Kevin and I left Uyuni and started our adventurous ride. Believe me, an adventure it was! The road was wide and fairly well maintained for the first 100 miles.
We arrived in the small village of San Cristobal which was the last place on our route with a gas station. From San Cristobal we traveled toward the southwest for approximately 40 miles. There we took what looked like a dirt track, and according to our GPS waypoints, this was where we where to turn. Keeping in mind that waypoints are only guides so we were not sure if this was the actually place to turn. We spotted a cloud of dust in the distance that was coming our way. So we decided to wait for them to arrive where we where and ask them if this was the correct track/road. As the 4x4 approached I flagged them down and asked the driver if this was the way to Laguna Colorado. He said it was. “Great,” I said, and we rode off. The road turned bad almost immediately. For a 4x4 vehicle the road is not bad to travel on; however, for my GS, which had a full load of gear weighting about 800 pounds, it was completely different.
We traveled on this road slowly and easy, having to focus on the road with no glance at sightseeing. From the top of a hill we could see the first of many lakes. This lake had flamingos hanging out feeding on the microorganisms found in it.
Very small pebbles covered the area around most of the lakes. Each lake seemed to have a different color pebble. When I first saw the pebbles I thought that they were packed tightly, but in fact, they were very loose and the tires on the GS would just sink into them making it very difficult to maneuver. Since it was early and I was still full of energy I said to myself, ‘no problem.’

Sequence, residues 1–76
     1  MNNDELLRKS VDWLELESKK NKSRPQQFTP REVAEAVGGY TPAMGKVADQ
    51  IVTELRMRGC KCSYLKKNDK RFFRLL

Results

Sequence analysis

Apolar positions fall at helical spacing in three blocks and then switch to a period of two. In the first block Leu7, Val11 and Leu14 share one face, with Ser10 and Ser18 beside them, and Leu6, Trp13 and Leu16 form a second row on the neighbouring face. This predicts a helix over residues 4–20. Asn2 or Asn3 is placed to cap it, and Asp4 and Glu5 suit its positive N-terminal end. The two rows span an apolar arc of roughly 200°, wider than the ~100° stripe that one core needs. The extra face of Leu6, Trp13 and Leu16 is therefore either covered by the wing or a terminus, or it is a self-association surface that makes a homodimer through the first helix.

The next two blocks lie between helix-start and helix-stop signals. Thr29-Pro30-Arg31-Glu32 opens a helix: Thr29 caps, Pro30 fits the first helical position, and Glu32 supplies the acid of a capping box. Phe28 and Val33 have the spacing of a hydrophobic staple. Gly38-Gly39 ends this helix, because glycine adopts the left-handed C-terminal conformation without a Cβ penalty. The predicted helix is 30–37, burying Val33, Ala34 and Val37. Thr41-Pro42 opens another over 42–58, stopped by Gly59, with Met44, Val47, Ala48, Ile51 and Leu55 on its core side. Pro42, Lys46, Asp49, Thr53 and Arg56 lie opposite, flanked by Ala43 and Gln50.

A few miles later we came to an amazing valley to see from a distance. The valley was mostly loose black pebbles. I tried to travel on top of the 4x4 tracks; however, the tracks at times had center humps that were as high as 12 to 15 inches. Sometimes the rear tire would hit solid ground causing my GS to fishtail. At one point I got into a fishtail that seemed to last forever. I have been told that if you get into a fishtail situation, stay on the throttle. In this case, I was gaining speed and bouncing from rut to rut. I came very close to having a serious crash.
By late morning the 15,000 foot elevation started to have an effect on both of us. It becomes very difficult to breathe, and we were just plain exhausted.
15000 Feet Above Sea Level
While traveling slowly I experienced my first tip-over (fall). The front tire of my GS got caught in a tall center hump. With some effort, Kevin and I uprighted the GS. There was no way that I could have uprighted the GS had I been traveling solo.
At mid-day we took a lunch and water break. We were very close to a landmark that I always wanted to see – “El Arbol de Pierda” (the tree of stone). I had seen photographs of this rock in magazines many years earlier, and when I learned that it was in Bolivia it became a must-see site on my list. To me, it was like seeing the Grand Canyon in person.
After our break we headed out to locate the Arbol de Pierdra. In actual distance we were less than ten miles from the arbol, but in reality it might as well have been 100
miles away. The ten mile section of road had deep sand and very loose gravel. It took us over two hours to travel those ten miles. In addition, I had another tip-over. I was traveling a bit faster than the previous time that I fell. As before, the front tire got stuck in deep sand causing the GS to come to a sudden stop. OVER I WENT! As before, it took both of us a lot of effort to upright the GS.
Arbol de Piedra
We arrived at the Arbol de Piedra and I finally get to see and touch the wonderful landmark.
We were only 6 kilometers from the location we were going to spend the night; however, those last 6 kilometers challenged us hard. The wind picked up and got stronger and colder as the day ended.